GrahamF

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A simple multi-meter will tell you if the supply is fluctuating. Many years ago we had a similar problem. Contacted the Electricity Board as it was then and they installed a paper graph voltage recorder for IIRC a month. Not long after, the pavement was dug up further down the road and the supply to ours and neighbour's houses for a couple of hundred yards either side, was uprated.
 

lurker

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I am no expert,but......

Assuming your telly is a fairly recent flat screen model it's very unlikely the voltage as they are intended to run 220/240 so the whole local distribution system would drop out if the juice got that low.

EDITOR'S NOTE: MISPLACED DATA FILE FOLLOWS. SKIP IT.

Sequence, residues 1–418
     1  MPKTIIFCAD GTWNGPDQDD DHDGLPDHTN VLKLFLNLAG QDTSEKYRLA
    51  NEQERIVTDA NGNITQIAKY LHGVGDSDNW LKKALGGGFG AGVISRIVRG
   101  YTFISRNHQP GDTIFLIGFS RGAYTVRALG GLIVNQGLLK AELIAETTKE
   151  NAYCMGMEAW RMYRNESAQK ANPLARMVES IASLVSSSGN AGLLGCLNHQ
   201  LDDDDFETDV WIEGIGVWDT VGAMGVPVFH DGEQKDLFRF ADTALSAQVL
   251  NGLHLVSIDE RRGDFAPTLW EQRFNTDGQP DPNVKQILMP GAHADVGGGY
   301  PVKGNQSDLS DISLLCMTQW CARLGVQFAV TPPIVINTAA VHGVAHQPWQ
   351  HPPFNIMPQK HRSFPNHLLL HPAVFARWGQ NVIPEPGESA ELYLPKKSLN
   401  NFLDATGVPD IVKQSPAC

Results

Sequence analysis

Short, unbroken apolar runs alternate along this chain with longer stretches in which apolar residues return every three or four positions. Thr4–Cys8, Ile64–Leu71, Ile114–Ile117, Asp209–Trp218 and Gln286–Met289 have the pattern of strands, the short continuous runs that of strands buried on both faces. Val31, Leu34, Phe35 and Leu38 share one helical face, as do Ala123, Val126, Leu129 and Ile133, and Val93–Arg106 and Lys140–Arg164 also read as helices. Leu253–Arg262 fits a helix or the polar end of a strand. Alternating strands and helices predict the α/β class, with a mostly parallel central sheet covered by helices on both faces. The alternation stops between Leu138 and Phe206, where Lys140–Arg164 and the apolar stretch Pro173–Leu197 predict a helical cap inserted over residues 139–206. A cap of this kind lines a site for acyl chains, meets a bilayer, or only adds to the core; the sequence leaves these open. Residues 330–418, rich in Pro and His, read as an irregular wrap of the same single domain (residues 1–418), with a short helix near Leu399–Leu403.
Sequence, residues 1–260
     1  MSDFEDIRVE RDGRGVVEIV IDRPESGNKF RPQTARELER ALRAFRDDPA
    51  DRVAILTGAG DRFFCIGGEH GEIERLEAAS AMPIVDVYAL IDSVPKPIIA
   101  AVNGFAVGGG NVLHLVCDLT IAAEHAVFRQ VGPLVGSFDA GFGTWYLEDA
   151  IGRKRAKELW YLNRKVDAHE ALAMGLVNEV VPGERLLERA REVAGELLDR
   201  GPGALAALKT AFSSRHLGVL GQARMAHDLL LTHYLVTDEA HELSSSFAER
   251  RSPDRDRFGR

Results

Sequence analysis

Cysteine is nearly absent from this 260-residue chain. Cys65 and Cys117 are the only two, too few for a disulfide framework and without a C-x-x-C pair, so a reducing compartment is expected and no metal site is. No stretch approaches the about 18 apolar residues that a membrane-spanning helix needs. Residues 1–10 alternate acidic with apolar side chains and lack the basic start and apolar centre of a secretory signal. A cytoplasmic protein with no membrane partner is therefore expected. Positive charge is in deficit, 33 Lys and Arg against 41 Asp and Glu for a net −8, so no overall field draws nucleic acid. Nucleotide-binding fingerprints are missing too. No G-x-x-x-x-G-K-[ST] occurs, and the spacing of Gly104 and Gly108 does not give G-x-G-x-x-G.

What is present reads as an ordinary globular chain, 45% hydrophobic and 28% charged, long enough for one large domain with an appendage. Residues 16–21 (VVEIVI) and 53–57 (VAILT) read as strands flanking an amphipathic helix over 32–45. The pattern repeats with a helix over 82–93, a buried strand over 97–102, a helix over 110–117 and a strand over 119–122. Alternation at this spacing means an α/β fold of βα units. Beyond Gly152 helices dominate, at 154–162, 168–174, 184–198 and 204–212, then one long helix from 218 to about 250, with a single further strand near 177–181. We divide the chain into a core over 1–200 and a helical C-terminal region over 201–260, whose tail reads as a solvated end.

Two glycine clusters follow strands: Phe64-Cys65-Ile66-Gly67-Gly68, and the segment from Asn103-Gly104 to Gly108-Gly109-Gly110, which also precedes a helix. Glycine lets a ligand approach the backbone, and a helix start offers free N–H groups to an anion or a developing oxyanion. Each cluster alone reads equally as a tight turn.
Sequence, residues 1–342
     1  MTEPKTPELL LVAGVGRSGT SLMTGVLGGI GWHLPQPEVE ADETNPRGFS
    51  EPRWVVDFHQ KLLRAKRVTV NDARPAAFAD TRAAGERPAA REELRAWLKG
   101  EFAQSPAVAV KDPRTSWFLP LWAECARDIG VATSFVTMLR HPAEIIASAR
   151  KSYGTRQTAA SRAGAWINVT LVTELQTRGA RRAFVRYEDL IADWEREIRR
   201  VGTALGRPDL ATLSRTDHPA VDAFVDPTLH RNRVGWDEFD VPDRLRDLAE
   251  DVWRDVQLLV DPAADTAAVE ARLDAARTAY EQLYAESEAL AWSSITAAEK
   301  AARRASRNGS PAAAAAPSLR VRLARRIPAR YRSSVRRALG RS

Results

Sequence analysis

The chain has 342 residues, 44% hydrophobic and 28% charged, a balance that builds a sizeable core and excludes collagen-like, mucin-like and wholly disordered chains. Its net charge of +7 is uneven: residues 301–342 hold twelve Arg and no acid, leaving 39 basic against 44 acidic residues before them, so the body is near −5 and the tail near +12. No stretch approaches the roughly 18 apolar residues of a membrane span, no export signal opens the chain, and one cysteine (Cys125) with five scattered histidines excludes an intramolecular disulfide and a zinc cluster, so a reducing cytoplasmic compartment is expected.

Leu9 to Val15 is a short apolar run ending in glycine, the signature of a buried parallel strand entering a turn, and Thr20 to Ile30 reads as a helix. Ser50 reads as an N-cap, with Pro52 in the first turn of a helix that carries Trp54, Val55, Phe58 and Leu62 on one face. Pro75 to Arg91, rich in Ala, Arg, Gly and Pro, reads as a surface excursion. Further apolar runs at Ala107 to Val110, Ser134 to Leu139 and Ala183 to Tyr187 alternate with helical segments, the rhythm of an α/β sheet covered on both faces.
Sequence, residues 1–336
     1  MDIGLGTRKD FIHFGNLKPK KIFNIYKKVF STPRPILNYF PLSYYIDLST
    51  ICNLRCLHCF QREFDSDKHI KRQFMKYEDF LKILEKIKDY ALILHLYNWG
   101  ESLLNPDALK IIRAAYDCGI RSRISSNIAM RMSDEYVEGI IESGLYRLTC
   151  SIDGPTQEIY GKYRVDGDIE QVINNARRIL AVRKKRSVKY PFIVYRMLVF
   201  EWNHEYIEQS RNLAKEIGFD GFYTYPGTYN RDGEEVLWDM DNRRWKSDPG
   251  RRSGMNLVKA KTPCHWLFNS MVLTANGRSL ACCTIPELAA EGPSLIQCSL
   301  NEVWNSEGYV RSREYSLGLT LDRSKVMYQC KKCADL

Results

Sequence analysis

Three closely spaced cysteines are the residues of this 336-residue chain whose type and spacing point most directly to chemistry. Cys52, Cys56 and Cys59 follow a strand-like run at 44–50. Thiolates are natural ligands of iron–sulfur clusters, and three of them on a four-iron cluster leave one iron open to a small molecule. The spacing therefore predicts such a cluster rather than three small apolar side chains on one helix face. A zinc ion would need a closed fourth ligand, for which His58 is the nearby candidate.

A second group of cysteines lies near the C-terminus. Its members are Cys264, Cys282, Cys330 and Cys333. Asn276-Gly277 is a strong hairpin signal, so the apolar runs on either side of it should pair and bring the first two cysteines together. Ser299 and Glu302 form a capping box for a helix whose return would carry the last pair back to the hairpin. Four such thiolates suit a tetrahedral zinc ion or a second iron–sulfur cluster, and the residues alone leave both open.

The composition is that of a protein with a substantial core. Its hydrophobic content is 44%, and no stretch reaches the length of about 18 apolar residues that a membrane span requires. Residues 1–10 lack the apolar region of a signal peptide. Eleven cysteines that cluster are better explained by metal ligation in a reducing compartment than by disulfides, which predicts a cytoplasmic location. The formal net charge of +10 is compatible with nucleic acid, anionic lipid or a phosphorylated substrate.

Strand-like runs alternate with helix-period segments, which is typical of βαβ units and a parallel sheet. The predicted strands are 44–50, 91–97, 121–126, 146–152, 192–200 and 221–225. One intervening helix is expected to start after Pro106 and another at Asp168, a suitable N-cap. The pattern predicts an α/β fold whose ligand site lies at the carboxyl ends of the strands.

flying haggis

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are you on an economy 7 tariff as that could have a bearing(dont know what as yet!!)
 

sunnybob

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devonwoody":36zrqet3 said:
Thanks for your comment.

I think I will have to get an electrician in, I have experienced two more power offs at TV this morning once turning a room light switch off and at the same time when operating a PC operation.
Define "power off".
Does the picture just go, or do you actually have to press a button to restart it?
Presumably you dont have to go to the main unit and reset a breaker?
When you turn the kettle on, do the lights dim or flicker?

If its confined purely to the TV, check the wiring connections in the 13 amp plug, and make sure the lead is firmly in the rear of the TV.
If theres no problem with the plug or lead, use an extension lead and plug it into a different socket.
 

devonwoody